Obscure Professor Solves Shakespeare Authorship Puzzle

Funny story written by Bob Conklin

Saturday, 21 December 2013

image for Obscure Professor Solves Shakespeare Authorship Puzzle
The only known photograph of Professor Quigley, back when he was still employed at Oxford.

Most scholars agree that Shakespeare can no longer be regarded as the greatest writer in the English language. It's Jodi Picoult.

Nevertheless, many people esteem Shakespeare highly enough to believe he was someone else, most notably the 17th Earl of Oxford, aka Edward de Vere, with the sole agenda of wreaking havoc with English departments worldwide. This is most evident in the Oxfordian Manifesto, paragraph 2(a): "How to Sow Unreasonable Doubt in Undergrads Taking Midterms."

Oxfordians have already been cheeky enough to invest (and lose) millions of pounds (with an exchange rate in billions of dollars) in Anonymous, a movie dramatizing the possibility of an Oxford-Shakespeare conspiracy. With the advent of the quadricentennial celebration of Shakespeare's birth fast approaching in 2016 -that's 400 years of bardolatry, folks-one can expect the attacks on his character, family background, education, sexual orientation and penmanship to escalate.

It's true there isn't much known about the real Shakespeare. About all we know for sure is that he had a wife who ended up sleeping in a second-best bed and a haircut similar in style to Kelsey Grammer's in Frasier. And, of course, Oxfordians believe he was merely a front man for Edward de Vere. But what if they have it completely backwards? What if William Shakespeare of Stratford was the ghostwriter of the plays attributed to the Earl of Oxford?

This is the theory put forward by a former lecturer of English as a Third Language at Queen's College of-ironically enough-Oxford University. Peter D. Quigley (P.D.Q. to his friends and at least one ex-wife), whose lectureship was not renewed following Michaelmas term 1973, believes the whole situation to be misunderstood by both academics and the public at large.

"First of all, let me make the record clear," Professor Quigley stated in a recent telephone interview from his office where he currently teaches Advanced Punctuation at a medium-security prison in the U.S., "I was not let go from Oxford University for drinking on the job."

Regarding the matter at hand-the Shakespeare authorship question-Professor Quigley was less succinct.

The theory goes something as follows:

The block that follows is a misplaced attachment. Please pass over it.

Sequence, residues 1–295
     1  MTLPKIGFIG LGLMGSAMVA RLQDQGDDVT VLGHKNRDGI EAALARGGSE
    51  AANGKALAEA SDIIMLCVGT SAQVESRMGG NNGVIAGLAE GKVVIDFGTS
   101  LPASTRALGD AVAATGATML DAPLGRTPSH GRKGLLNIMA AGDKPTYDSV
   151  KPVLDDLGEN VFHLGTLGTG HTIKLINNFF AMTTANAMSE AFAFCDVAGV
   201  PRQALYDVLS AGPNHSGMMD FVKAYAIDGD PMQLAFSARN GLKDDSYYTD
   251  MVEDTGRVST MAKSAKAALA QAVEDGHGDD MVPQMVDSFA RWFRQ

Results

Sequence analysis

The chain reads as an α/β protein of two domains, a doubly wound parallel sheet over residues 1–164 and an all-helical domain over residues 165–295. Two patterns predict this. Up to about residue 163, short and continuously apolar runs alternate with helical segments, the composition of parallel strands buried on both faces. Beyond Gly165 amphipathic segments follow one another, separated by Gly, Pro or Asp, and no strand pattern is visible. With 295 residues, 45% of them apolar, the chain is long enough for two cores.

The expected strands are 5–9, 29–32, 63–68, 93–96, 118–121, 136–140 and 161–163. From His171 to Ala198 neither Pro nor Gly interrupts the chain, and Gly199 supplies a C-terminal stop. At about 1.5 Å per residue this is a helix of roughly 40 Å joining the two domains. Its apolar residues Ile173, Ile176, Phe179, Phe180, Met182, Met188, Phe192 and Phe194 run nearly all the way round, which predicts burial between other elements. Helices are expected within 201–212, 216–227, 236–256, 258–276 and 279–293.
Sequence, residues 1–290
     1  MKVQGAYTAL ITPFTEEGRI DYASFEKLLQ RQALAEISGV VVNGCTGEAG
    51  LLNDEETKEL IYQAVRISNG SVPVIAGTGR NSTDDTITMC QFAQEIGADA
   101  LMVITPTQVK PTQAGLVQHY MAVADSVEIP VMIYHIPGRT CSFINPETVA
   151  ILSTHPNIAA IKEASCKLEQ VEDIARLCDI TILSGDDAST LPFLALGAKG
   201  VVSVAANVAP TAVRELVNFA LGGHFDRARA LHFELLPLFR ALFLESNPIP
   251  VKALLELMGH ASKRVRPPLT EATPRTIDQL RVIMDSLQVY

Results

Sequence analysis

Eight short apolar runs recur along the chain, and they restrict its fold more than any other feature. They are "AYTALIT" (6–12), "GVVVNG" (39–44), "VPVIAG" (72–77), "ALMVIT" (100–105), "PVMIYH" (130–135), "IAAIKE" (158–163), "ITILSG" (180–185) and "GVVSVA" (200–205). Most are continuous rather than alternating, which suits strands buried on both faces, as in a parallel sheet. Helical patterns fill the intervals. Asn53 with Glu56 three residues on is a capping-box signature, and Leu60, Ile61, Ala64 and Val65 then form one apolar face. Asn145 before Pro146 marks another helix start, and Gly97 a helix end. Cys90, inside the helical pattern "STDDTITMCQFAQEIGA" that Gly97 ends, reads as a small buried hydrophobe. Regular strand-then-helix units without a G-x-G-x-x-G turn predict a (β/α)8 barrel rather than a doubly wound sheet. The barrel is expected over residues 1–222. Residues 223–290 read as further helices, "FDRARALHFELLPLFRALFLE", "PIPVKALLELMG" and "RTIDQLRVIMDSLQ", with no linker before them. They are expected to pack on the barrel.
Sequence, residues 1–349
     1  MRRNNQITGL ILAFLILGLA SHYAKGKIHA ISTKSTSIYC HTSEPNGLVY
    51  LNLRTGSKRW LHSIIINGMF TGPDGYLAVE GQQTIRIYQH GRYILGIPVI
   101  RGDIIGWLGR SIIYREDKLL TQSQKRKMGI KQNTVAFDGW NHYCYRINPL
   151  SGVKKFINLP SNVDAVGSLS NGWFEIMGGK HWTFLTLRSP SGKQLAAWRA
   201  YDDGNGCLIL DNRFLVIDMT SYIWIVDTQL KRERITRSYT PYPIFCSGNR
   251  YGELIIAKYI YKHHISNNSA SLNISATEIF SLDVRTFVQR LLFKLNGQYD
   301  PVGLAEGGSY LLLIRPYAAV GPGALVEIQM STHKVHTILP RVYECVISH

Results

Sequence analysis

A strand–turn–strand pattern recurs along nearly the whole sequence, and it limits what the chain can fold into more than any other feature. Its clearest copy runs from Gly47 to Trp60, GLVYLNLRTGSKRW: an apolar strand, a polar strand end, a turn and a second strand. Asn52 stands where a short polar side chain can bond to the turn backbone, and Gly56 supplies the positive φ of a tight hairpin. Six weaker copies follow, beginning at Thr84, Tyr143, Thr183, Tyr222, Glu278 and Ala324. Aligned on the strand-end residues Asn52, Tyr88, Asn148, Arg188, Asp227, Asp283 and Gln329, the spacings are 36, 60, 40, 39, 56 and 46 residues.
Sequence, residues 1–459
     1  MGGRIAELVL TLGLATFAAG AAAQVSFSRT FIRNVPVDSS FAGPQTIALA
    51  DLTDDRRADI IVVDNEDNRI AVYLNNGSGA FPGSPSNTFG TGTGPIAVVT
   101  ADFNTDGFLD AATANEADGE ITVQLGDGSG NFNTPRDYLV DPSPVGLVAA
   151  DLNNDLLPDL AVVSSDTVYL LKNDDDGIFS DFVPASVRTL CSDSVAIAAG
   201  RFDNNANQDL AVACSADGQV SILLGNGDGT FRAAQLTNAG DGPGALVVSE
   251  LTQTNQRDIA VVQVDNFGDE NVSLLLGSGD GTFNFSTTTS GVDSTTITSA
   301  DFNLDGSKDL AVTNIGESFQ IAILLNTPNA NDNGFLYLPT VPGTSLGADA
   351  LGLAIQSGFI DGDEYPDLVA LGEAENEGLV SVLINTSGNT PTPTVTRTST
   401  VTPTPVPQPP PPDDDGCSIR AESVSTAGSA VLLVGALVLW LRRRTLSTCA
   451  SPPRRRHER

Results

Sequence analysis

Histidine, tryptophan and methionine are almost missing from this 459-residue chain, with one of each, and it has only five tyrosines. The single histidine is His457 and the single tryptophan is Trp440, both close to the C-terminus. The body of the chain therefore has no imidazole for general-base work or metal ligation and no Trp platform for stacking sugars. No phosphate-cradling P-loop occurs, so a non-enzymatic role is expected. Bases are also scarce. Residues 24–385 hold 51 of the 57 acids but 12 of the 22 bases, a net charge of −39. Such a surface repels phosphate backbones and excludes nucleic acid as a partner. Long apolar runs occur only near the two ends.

In 1598, contemporary theatergoer Francis Meres raved about Shakespeare's comedies and tragedies. In a separate list, which includes Shakespeare yet again, he also cited the Earl of Oxford as among the best for comedy.

But where are the good earl's comedies? Why have no manuscripts survived? Better yet, did Edward even write them?

Professor Quigley offers a better proposition that more readily fits the lack of facts at hand: William Shakespeare wrote them, and the earl put his name on them.

This, claims the professor, would certainly explain Shakespeare's whereabouts during his so-called "lost years" if he had been part of the Earl of Oxford's household as resident tutor, poet, actor-or all three together. Let's throw in court jester, just to be safe. The rumor circulated some years after his death, after all, was that he had been a schoolmaster in the country. Why not over at Oxford? The proximity of Oxford to Stratford would have allowed William to procreate and begin a family. Plus, the food was better.

Poet-in-residence at Oxford would also have given young Shakespeare access to a library-without the hassle of always having to return overdue books. Not to mention familiarity with the idiosyncrasies, pursuits, and routines of an aristocratic household-for instance, the earl's documented stabbing of an unarmed servant in a drunken stupor or committing an act of flatulence in front of the queen.

"Let's say Shakespeare ghostwrote a few comedies for the earl," the Professor professed. "After this apprenticeship, let's further speculate that he grew tired of letting Oxford take all the credit and decided to strike out on his own-an 'upstart crow,' as it were. It's also possible," Professor Quigley adds, "he was afraid of unprovoked stabbings and excessive flatulence."

The academic world has been nothing but reticent on the matter. Only one colleague of the professor's stepped forward in his defense on condition he remain Anonymous, which, as it happens, is his actual surname.

"The nice thing about this theory," Professor Anonymous stated anonymously, "is that it requires no cover-up-no laborious, intricate conspiracy involving 38 or so plays (in whole or in part), three or four long poems and 154 sonnets stretching past Oxford's death in 1604, past Shakespeare's in 1616, past publication of the First Folio in 1623 and on and on for another 300 years until 1920 when the idea of Oxford's authorship of Shakespeare's works was first invented-I mean, proposed."

It might also explain why de Vere's and Shakespeare's careers don't appear to overlap: the earl had lost his ghostwriter.

The truly attractive feature of this theory, according to Professor Anonymous, is that it doesn't have one shred of primary evidence to support it, so it isn't weighed down by actual historical records. Critics may scoff, but this lack of evidence means that the theory can't be disproved. Plus, you don't have to fool around with rearranging or compressing dates of composition to make everything fit. It's a theory that can take care of itself.

So what does Professor Quigley think happened to the Earl of Oxford's lost manuscripts-which were really Shakespeare's apprentice comedies? "I suspect de Vere destroyed them in a jealous rage as Shakespeare's star began to rise," he surmised.

But this is just a theory.

The funny story above is a satire or parody. It is entirely fictitious.

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